28 October 2011

October 28th

Three Corpse Circus shorts:

Bloody Bunny
Nursery Crimes
There's No Such Thing
Adventure Girls III
The Ghost and Us
Barbee Butcher
Beautiful As You Are
Don't Lose Heart
Snow Day, Bloody Snow Day
Snake Pit
Bon Appetit: Three Short Films about Food
Modern Grim
A Noiva
The Many Doors of Albert Whale

Stake Land (2010) directed by Jim Mickle
I enjoyed Mickle's first film Mulberry Street quite a bit and I was looking forward to his follow-up.  It doesn't disappoint.  Instead of zombies, vampires are the cause of the post-apocalypse in Stake Land.  It's a nice change.  I think we, as a society, are about at peak zombie right now.  Though, admittedly, these vampires are mostly animal-like and not terribly unlike a zombie in effect.  However, sunlight will still kill them, so humans have free reign during the day.  It's a neat difference.  Being used to so many zombie apocalypse films and TV shows, a vampire apocalypse almost doesn't seem that bad.  Given their free time during daylight hours, people have formed little bubbles of civilization in small towns all over northern North America.  As our travelers go from town to town, the movie feels like a Western with the (purposefully, I'm sure) unnamed Mister playing the Clint Eastwood part (played excellently by Nick Damici).  I love Western-influenced horror movies.

Though, I have to say, it stands in the shadow of The Road.  You can feel that this film sort of wants to be the vampire version of that prior film, with its desolate locations (seriously: the location scout for Stake Land needs an award of some kind) and grey skies and threat of cannibals.  But, Stake Land just can't touch the utter despair found in The Road.  The Road has sort of ruined post-apocalyptic movies for me in general.  Anything that isn't as bad as the world in that film -- which is all worlds, everywhere -- seems like a paradise in comparison.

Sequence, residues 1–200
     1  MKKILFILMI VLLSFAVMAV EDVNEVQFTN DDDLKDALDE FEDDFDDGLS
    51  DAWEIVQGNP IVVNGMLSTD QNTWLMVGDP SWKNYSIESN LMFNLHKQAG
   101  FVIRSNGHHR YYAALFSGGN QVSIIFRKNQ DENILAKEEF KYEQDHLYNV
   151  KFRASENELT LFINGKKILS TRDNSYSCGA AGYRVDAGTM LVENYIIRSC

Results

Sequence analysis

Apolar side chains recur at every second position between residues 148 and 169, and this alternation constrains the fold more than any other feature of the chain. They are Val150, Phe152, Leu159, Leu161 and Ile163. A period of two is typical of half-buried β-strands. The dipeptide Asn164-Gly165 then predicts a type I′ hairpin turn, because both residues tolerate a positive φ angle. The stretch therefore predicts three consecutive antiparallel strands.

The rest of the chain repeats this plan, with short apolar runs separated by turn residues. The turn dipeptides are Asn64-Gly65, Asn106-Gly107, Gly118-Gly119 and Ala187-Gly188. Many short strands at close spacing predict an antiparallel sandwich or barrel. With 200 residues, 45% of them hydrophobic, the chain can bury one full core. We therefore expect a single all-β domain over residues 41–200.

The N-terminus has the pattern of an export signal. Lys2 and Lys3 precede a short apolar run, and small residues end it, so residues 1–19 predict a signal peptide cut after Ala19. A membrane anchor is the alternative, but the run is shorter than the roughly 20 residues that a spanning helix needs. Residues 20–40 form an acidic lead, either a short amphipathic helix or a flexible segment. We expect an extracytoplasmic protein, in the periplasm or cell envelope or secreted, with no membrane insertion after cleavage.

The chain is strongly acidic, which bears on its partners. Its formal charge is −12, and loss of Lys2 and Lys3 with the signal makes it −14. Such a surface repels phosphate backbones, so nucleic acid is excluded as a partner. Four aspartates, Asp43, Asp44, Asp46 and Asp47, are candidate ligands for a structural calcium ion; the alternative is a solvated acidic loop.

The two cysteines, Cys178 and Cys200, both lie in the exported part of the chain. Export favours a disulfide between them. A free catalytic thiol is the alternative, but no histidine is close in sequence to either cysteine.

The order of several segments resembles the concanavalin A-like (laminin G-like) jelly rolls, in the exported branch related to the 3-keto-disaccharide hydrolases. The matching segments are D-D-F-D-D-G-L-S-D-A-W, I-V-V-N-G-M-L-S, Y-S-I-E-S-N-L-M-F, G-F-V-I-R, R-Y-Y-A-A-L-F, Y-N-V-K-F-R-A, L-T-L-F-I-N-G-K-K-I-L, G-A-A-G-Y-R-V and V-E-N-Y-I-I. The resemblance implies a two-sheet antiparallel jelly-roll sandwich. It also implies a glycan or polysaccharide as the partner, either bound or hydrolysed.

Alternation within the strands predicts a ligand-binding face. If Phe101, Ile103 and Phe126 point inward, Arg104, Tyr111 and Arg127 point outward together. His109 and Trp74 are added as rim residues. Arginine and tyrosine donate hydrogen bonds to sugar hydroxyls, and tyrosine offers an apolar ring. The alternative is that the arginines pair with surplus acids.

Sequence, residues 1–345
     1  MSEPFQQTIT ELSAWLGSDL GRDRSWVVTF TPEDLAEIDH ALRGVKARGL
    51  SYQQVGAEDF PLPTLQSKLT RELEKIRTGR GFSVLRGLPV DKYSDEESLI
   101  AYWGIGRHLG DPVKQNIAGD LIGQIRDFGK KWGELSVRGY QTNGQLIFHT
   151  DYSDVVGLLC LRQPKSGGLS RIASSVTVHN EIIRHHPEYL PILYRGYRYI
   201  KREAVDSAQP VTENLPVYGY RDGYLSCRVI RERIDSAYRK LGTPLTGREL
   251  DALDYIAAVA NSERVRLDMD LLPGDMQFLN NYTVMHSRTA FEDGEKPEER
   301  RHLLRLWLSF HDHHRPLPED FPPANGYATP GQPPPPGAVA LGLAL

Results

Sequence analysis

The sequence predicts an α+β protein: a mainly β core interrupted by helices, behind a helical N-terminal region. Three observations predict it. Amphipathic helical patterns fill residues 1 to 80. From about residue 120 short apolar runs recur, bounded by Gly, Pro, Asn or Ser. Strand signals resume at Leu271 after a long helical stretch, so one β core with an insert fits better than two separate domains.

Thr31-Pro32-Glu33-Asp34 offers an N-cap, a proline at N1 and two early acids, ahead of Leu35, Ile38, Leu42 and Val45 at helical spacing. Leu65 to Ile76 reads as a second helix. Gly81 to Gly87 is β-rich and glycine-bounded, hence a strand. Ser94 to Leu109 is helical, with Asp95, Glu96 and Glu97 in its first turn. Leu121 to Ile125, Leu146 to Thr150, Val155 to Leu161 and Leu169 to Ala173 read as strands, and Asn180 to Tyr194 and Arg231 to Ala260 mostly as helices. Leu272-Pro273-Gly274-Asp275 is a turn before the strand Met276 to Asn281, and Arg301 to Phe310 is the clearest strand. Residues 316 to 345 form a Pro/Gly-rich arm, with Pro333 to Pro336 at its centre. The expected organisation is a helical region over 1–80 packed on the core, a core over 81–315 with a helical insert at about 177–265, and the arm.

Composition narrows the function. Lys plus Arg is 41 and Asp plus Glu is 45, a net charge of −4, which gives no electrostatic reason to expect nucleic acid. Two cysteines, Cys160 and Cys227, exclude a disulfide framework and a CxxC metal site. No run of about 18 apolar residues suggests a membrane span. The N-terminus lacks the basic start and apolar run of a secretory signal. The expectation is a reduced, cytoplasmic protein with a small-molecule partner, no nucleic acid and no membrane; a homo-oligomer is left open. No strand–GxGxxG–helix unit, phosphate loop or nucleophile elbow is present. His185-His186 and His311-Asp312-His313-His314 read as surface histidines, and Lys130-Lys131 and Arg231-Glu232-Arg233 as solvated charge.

Still, Stake Land was well worth a watch and I'll be picking up the Blu-ray soon. (7/10)

You Can't Rent Here Anymore (2010) directed by Ryan Meade
A local film, shot at Thomas Video & DVD in Royal Oak, Michigan. I think Heavy Mental is safe as the coolest recent horror movie from the area.  This one is more of "friends having fun making a movie" more so than "something you'd really want to watch."  A crazy guy accidentally returns a video of himself killing a woman to a video store.  The clerks watch it, freak out, and then the man comes back to the store to retrieve it.  Hijinks ensue.

Gotta love the fact that despite the story ending at the 55-minutes mark, the movie is 75 minutes long.  I'm guessing there was a festival requirement somewhere that a full-length movie had to be 75 minutes minimum.  Boy, they just scraped by.  Using "where are they now" title cards and blooper-credits and a stinger at the end a really slow credit crawl, they just edged by to the mark they needed.  If anything, this film excels as an achievement in padding. (5/10)

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